Home » VIEWS AND OPINIONS » KENYA GENERAL ELECTIONS – THE LAST PORT OF CALL I.

KENYA GENERAL ELECTIONS – THE LAST PORT OF CALL I.

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THE PATH OF LIFE.

The Big DayMarch 1st, 2012
The big day is here.

My recent thoughts.

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I am always a political animal on the prowl, and the just concluded elections once again provided me with an opportunity to go on a mission. Although almost 99% of those who were vying for the Nairobi County Assembly Seat in Riruta were people I had worked with previously, I was an agent for an acquaintance of mine as a political party agent authorised by the Independent Electoral and Boundaries Commission (IEBC). It is an experience I will remember forever but just cherish a few moments of it.

I went and collected my appointment letter on Sunday 3rd March, 2013 from the candidate’s office at around 1300HRS where it was agreed that we were to assemble by 0500HRS at Ndurarua Primary School polling center where we would meet our coordinator. I received a text message from the agent on 3rd March, 2013 confirming that all systems were in place and we were to meet at our designated stations at 5am as agreed.

3AM, Monday 4th March, 2013, your truly is up and ready to face the day. Armed with my letter, I left the house at around 4:15am under the cover of darkness and headed to Ndurarua Primary School. When I got there, a sea of humanity had already formed and getting even to the gate (not inside the compound) was a gargantuan task. I called my candidate at around 4:44am after I couldn’t trace any of the agents I was supposed to work in conjunction with. He promised to call back shortly (but never did), and so before 5AM, I had called him severally using my own resources. Our coordinator later turned up and we decided to force our way to the gate. Even with our magic waving of our agent’s authority and shouting about our privileges, nobody gives a damn about who we are and we end up stuck up in the bottleneck at the gate. It was hell and pandemonium with pushing and shoving, but no movement. The OCS Riruta Police came at about 5:30am but did nothing apart from twisting his head and looking like Alice in Wonderland.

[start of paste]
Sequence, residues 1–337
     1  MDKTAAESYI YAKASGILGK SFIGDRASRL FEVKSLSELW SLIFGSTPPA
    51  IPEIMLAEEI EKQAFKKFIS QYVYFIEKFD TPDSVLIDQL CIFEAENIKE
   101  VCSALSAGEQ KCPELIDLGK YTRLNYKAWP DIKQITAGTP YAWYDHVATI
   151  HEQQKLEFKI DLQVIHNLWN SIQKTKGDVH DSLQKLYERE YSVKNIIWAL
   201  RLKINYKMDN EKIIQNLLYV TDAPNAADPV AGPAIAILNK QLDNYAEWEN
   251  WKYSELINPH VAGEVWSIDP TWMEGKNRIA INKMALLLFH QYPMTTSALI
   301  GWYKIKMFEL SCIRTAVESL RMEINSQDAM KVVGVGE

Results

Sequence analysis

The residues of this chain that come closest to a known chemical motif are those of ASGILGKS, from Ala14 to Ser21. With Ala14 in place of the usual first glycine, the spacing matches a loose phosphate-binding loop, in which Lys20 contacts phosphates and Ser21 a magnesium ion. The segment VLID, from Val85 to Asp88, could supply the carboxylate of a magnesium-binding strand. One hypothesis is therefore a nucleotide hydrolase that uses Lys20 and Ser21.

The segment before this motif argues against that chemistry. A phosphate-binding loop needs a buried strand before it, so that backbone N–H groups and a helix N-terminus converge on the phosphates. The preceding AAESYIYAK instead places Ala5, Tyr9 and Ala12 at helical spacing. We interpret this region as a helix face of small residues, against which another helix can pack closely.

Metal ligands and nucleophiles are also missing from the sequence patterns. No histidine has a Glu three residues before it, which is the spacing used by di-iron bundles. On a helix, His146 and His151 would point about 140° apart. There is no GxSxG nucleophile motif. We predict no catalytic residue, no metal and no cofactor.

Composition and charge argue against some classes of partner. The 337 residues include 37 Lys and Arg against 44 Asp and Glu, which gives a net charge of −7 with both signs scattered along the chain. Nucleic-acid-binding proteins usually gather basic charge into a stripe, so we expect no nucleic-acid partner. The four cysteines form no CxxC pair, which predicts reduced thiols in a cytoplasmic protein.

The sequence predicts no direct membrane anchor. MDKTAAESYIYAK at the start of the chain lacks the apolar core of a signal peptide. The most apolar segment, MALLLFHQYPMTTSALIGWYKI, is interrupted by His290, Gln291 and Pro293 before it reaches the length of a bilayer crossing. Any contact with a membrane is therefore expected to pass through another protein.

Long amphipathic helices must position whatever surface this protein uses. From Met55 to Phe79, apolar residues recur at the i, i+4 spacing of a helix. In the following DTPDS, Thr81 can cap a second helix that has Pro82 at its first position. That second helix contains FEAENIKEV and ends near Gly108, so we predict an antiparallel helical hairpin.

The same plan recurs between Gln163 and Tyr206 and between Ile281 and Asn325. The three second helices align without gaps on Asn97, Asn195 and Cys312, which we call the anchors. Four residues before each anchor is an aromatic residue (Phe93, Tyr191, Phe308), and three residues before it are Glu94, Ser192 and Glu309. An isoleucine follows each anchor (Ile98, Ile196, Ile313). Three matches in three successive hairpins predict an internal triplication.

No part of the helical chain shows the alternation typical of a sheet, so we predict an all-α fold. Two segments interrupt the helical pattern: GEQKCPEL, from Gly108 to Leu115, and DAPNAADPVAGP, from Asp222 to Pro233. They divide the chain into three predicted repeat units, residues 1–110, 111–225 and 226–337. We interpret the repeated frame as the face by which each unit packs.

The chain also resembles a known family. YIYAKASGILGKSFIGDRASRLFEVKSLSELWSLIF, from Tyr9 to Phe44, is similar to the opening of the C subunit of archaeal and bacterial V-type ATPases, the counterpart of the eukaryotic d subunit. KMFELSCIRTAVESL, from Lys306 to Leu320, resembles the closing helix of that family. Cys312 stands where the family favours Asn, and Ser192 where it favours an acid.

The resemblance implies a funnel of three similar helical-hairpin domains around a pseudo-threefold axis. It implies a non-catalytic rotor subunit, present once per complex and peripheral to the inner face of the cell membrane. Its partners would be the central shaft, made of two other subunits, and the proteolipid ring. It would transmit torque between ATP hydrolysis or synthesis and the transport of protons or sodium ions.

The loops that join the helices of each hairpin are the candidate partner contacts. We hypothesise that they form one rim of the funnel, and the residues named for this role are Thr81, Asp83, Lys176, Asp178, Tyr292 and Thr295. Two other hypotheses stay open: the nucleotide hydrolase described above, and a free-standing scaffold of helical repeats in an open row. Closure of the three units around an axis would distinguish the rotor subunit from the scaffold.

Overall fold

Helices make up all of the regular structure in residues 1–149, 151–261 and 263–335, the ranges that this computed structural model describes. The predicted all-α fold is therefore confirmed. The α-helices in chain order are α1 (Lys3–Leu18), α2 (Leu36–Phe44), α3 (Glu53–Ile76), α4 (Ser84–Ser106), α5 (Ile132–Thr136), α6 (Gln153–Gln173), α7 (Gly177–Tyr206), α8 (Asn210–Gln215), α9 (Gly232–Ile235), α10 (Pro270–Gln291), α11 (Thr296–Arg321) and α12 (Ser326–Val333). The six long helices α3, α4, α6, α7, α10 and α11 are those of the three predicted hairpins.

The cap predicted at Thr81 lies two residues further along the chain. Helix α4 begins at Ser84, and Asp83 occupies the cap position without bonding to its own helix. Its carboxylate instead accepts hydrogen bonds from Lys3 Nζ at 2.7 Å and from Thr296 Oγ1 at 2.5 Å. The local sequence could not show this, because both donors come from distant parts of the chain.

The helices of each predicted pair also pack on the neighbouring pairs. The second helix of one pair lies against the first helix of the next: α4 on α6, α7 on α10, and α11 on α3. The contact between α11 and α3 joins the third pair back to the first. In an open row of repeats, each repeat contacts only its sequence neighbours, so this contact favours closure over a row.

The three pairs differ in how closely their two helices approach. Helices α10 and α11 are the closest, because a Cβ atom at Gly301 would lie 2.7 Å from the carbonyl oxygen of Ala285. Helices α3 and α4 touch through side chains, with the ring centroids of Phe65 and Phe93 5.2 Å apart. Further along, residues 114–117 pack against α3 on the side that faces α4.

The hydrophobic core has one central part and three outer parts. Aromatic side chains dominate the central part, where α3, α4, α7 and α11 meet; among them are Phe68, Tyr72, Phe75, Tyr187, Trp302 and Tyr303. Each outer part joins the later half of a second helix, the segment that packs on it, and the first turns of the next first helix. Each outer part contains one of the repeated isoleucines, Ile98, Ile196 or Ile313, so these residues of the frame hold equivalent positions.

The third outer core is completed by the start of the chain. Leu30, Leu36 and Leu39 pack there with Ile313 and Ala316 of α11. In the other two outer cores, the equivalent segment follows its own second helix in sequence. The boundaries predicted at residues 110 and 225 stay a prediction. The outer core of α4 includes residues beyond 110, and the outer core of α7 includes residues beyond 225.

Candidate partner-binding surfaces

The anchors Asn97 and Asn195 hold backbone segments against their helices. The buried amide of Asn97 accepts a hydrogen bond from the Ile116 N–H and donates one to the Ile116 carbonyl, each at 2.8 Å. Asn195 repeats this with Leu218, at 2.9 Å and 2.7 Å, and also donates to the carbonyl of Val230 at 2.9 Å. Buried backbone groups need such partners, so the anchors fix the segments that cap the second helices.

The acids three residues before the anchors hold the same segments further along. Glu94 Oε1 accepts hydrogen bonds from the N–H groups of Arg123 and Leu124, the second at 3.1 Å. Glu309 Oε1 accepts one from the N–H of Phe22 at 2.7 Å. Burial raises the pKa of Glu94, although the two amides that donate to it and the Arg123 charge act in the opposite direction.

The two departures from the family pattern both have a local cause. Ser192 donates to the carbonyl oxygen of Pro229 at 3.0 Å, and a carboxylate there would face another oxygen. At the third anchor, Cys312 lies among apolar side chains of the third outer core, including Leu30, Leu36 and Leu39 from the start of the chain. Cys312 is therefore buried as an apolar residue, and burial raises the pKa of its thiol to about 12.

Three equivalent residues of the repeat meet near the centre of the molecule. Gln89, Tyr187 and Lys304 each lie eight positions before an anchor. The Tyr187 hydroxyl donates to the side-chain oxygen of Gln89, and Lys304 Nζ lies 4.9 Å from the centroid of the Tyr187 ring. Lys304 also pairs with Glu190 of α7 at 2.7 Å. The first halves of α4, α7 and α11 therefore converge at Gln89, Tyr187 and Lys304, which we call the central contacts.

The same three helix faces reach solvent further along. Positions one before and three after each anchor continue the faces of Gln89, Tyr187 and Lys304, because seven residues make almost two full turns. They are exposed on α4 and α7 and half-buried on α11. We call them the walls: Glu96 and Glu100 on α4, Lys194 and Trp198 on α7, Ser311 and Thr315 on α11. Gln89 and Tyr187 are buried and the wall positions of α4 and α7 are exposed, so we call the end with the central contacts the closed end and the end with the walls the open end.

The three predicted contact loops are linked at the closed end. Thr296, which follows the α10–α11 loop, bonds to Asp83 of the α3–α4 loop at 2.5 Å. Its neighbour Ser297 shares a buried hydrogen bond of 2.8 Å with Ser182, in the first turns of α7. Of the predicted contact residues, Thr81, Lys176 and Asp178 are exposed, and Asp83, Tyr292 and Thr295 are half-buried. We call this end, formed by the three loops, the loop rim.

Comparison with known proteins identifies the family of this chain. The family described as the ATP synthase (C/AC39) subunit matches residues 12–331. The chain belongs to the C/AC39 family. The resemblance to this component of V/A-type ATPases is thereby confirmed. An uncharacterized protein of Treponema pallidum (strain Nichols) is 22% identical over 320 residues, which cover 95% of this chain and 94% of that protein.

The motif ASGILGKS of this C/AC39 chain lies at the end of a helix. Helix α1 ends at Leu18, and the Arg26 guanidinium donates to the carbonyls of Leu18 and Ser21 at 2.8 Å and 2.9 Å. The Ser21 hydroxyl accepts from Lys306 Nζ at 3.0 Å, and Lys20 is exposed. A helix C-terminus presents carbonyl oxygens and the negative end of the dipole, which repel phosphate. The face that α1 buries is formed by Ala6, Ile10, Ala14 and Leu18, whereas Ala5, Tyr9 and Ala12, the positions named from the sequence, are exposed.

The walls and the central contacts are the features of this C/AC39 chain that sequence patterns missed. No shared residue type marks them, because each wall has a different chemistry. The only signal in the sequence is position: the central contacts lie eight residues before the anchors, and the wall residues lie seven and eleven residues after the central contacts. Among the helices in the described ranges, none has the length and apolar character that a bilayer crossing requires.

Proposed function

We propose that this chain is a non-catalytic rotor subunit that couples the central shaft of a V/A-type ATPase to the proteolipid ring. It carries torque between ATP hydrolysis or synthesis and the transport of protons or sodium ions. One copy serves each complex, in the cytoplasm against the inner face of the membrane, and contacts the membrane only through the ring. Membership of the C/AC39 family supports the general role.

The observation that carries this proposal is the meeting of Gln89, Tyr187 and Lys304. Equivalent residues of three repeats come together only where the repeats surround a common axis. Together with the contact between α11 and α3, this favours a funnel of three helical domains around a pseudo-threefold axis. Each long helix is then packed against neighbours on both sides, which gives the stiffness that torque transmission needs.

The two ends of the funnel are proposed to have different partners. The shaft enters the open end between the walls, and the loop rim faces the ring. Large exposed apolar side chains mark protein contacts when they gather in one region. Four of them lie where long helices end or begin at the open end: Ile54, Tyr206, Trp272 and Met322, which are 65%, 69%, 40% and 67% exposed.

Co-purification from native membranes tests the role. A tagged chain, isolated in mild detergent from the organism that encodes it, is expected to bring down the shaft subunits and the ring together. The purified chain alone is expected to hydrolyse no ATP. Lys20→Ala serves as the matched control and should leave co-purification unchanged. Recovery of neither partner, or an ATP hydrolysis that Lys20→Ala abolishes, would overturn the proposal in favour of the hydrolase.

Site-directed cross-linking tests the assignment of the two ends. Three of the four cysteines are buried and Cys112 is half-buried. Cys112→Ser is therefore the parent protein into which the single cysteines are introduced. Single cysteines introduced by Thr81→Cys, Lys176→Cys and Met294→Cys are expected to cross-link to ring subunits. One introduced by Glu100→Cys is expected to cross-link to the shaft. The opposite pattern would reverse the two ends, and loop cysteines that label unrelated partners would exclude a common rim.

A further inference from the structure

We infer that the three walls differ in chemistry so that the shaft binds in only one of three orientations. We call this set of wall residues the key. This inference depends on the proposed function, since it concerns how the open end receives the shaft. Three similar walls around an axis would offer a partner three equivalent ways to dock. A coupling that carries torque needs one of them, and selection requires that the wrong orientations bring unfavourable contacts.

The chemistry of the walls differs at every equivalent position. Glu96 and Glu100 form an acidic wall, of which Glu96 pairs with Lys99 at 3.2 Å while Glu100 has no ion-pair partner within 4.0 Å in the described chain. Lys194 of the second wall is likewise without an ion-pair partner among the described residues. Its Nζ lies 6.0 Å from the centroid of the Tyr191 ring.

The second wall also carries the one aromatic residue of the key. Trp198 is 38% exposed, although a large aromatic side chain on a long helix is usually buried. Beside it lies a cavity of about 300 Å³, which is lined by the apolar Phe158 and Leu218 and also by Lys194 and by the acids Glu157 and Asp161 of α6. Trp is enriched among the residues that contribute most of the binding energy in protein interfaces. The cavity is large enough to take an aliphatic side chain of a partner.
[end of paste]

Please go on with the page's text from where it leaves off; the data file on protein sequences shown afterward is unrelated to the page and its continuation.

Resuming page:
The crowd is becoming impatient and fed up, it is almost 6 o’clock and there is no sign that the gate will be opened before the sun starts doing the people injustice. Amongst the crowd are women with children who woke up early to be able to cast their votes and go back to doing their chores and business. Some young boys have had enough and have opted to play a hide and seek game with the police both Kenya Police and Administration Police backed by the Prisons Service. They have opted to jump over the fence and get into the compound. Then the silent voices in the people’s heads got wings and flew out. Some choice words flow from their mouths directed at the police and the IEBC guys who are nowhere near the gate.

Then an order is telepathically given, that the gate has to give way for the sea of humanity to pass. The columns holding the gates appear to be in unison and heed the call. Then panic ensures, the OCS appears in loco of the presiding officer and tries to tell the people in an ambiguous tone to be patient; he is told off and asked between him and Isaak Hassan is to be believed, IEBC announced that voting centers would be opened at 6AM, – final and this was not subject to discussion – people force themselves through the small gate opening and the gate makes a V sign, a clear indication that it is just a matter of time before masons are guaranteed work. At this point, somebody’s brain is switched on, and there is light from the bulb- it is decided that the gate must be opened, which happens much to our relief.

Those who have ever gone to Nyayo National Stadium to watch Gor Mahia take on AFC Leopards are in a position to tell what happened next. Helter-skelter, the people run. Some of those who were at the front-line tripped and fell, one lady fainted and the police got overwhelmed – their response raise their guns and buttons intending to charge at the people. I take the opportunity to be loud and clear and tell off the cops, that this is not Moi’s time where the police were the law, and the law was the police. We had shaken off the shackles of living under a police and Moi state. The crowd is not cowed but I know from the look on the policemen’s faces that I am now a marked man deserving to be disciplined and I will have to pay for this reckless act of reminding them that they were employed by the people while they knew that they were supreme. (bear in mind that we are less than a kilometer away from the place where administration police officers executed some taxi drivers a few years ago in Kawangware).

part ii to follow…

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